If you saw our post on Monday, you'll know that yesterday the Speak Up For Libraries group lobbied parliament - both on keeping libraries open, and ensuring they grow with their communities. Such support is certainly needed, especially as some 549 libraries have closed across Britain since David Cameron became Prime Minister.
That number is shocking and deserves a response. It also deserves strong library support, and a clear conversation on what can (and needs) to be done. Yesterday one side of that conversation was delivered with enthusiasm, strength and a strong collective voice at #SUFLlobby16.
According to a report on the day by the The Bookseller, campaigners, authors, and a cross-country-travelling schoolboy were among those arriving at Westminster to deliver the group's pledge. A pledge shared on Twitter by author Philip Ardagh (below):
Authors showed strong support throughout, exemplified by Cathy Cassidy who spoke powerfully about how "Councils have a duty to offer a comprehensive and efficient service", This is a key theme in the conversation about library support. While libraries should be growing and adapting, Cassidy pointed out, they are instead our being "bled dry". Cassidy pulled no punches in her speech, calling the situation a "national disgrace", before adding the below - all of which is praiseworthy:
Some amazing libraries are really pushing boundaries but we need change and support at government level. We have a government and councils that are launching expensive schemes to get children reading whilst simultaneously closing their very best access to free books. It makes no sense at all
Libraries build communities, weave those communities together and help people climb the ladder towards their own potential, one book at a time. It is beyond shameful that Britain can even think of closing libraries, slamming the door on culture and opportunity for young and old alike.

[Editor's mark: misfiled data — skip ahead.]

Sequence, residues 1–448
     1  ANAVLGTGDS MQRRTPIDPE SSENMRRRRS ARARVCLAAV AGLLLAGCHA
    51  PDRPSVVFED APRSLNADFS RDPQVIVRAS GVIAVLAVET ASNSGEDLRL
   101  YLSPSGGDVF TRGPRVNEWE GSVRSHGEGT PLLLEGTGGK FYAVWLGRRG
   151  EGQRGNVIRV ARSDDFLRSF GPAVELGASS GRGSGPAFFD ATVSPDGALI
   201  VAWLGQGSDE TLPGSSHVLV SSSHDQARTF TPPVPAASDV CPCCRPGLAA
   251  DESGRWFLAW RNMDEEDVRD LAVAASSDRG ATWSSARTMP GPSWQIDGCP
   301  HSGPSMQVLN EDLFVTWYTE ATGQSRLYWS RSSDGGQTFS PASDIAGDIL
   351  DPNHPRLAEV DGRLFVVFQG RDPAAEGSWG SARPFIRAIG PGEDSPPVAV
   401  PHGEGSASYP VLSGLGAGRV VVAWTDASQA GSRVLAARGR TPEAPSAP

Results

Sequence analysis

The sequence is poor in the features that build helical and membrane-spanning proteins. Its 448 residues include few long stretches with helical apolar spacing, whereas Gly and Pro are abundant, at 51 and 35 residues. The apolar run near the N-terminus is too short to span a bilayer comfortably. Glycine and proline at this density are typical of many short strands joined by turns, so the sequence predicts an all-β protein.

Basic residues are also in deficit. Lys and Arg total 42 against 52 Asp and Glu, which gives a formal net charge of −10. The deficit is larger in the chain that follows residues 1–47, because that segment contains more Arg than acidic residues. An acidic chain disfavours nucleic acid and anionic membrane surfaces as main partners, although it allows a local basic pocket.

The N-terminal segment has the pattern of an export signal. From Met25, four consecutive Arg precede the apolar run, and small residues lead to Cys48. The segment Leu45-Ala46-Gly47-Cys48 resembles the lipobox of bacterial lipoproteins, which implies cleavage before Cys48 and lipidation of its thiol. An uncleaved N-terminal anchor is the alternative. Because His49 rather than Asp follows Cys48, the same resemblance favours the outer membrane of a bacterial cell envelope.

She's clearly right. The case was made at the rally that other countries are investing in their libraries, and yet it's not only public libraries which need support. Speaking about libraries in schools, primary school boy(!) and primary chief librarian, George Hamilton, spoke marvellously:
I agree with our government that all children aged eight and above should own a library card, but what is the point when all over the UK, since David Cameron came into power over 400 libraries have shut and there are more proposed cuts to come?
It may not be widely known - and this is one thing which should be spread far and wide - but there is a legal requirement for local authorities to offer a "comprehensive and library service". There is no such requirement in schools, but as George Hamilton pondered:
...think of those children who don’t have school or public libraries, where will the[y] access knowledge, where will the[y] access a world...of brilliant children’s literature? What the government is going is wrong and we need to stand up for what is right."
Perfectly put. And the point is, yes, we the public can be the difference. Our Minister for Culture and the Digital Economy, Ed Vaizey, may be 'crazy' in his sidestepping of conversation, but we can still speak with our own MPs on the issue. And we should.
It was undoubtedly, then, a day of high emotion, energy and drive. And, in summing up the mood, we may look to Dawn Finch, President of The Chartered Institute of Library and Information Professionals. Ms Finch offered that campaigners should, "tell them [MPs] and show them just how much librarians and libraries offer to their communities". Urging us all to , "Get this pushed further", Finch made her view clear. "This is not just about us… this is not just about buildings or books or jobs, this is about the future of our society."
That, frankly, is the best final sentiment for ending on. It's not the final word on libraries though. That is very much down to the British public.
Find out more about Speak Up For Libraries, here.